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Katz drops defamation suit against Uniter

Hey there, time traveller!
This article was published 25/4/2014 (1211 days ago), so information in it may no longer be current.

Winnipeg Mayor Sam Katz has dropped his defamation lawsuit against a student newspaper, saying he's satisfied its recently-published clarification clears the air.

"It’s exactly what I asked for," Katz said Friday of efforts made by the Uniter newspaper to clarify the intent of a volunteer writer's piece Katz had claimed sullied his reputation by implying he was a crook.

Mayor Sam Katz


Mayor Sam Katz

"It’s exactly what I asked for the first time they didn’t give me after I launched the suit," Katz said.

Court records show Katz's lawyer, Robert Tapper, has formally discontinued the claim for damages Katz launched in late January against the Uniter's parent company, the University of Winnipeg and volunteer writer Josh Benoit. "This will confirm this matter has now settled," a notice on the file states.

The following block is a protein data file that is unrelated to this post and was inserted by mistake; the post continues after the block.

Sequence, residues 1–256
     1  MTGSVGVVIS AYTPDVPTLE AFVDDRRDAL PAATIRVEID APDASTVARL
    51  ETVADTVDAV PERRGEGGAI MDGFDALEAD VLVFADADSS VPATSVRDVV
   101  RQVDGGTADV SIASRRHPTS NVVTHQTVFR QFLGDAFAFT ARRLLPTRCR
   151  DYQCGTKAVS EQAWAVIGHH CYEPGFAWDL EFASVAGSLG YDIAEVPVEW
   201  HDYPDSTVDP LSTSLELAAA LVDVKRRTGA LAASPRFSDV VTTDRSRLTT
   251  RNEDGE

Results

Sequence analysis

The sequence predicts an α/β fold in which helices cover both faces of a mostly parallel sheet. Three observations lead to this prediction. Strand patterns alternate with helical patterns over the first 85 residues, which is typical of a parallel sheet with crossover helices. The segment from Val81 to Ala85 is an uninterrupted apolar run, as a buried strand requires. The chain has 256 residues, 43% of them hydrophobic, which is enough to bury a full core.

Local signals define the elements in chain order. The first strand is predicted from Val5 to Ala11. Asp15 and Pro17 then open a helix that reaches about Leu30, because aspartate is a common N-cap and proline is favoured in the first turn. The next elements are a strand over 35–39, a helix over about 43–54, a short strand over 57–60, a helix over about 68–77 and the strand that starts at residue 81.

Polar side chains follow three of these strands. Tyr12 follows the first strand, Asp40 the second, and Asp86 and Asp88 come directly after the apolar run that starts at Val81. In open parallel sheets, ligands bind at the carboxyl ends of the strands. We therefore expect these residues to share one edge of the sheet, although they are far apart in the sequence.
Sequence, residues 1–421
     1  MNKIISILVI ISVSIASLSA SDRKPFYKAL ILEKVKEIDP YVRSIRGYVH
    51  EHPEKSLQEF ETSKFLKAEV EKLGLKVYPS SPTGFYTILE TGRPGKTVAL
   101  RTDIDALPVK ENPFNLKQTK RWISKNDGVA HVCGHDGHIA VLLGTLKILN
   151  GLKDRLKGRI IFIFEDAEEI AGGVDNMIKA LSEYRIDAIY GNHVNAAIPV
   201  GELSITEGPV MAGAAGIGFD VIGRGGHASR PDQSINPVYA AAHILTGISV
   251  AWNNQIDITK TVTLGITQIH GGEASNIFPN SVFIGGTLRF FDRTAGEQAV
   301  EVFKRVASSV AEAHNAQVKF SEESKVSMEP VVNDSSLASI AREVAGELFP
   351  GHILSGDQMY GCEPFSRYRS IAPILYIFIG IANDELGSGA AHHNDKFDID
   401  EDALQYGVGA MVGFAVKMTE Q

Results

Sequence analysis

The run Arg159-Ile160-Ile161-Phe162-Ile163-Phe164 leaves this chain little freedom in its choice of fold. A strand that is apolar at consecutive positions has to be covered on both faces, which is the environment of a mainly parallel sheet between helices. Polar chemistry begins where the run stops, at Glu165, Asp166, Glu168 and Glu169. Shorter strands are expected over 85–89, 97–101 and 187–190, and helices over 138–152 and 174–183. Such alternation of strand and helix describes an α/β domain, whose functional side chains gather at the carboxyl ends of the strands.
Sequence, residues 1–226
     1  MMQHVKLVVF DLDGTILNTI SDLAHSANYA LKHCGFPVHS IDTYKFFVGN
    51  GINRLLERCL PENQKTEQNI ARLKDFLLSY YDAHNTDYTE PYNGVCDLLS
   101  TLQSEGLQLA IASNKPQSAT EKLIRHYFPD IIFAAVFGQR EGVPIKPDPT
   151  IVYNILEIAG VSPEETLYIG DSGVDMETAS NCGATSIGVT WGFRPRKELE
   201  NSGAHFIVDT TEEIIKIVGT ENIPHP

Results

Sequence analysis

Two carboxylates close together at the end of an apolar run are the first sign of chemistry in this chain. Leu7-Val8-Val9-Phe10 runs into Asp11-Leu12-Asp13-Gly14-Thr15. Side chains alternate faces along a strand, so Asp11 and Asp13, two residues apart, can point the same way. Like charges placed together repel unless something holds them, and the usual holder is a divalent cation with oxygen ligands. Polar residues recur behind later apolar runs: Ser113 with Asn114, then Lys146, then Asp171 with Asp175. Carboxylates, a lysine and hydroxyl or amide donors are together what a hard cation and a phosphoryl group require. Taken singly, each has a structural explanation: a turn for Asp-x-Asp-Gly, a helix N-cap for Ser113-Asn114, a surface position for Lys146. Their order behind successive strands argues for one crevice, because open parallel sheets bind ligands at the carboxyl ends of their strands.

Benoit's short Dec. 4, 2013 article titled "The Local Political Blunder," referenced Katz, property-development company Shindico, ex-city Chief Administrative Officer and Katz's personal friend, Phil Sheegl, issues surrounding the construction of new Winnipeg fire halls and Martha Stewart.

The article also contained an imagined conversation between Katz and Sheegl.

"The plaintiff states... That the ordinary meaning of the words written by Benoit... Clearly state that the plaintiff is a criminal, had committed criminal acts pertaining to insider trading, belongs in jail and is evil," Katz's lawsuit claimed.

The Uniter took down the piece from its website after Katz initiated legal action.

As of Friday, it was listed as "no longer available."

The Uniter website also shows that on March 5, a "clarification" was published acknowledging the lawsuit and saying although it alleged Benoit's article accused Katz of being a criminal, that wasn't the intent of the piece.

"The column consisted of satirical commentary that did not accuse the Mayor of being a criminal but rather was intended to be a fair comment on a matter of public interest," the clarification states. "The Uniter regrets if anyone interpreted the column to be anything other than a satirical comment as stated," it adds.

Uniter managing editor Nicholas Friesen said he had no further comment.

-- with files from Aldo Santin


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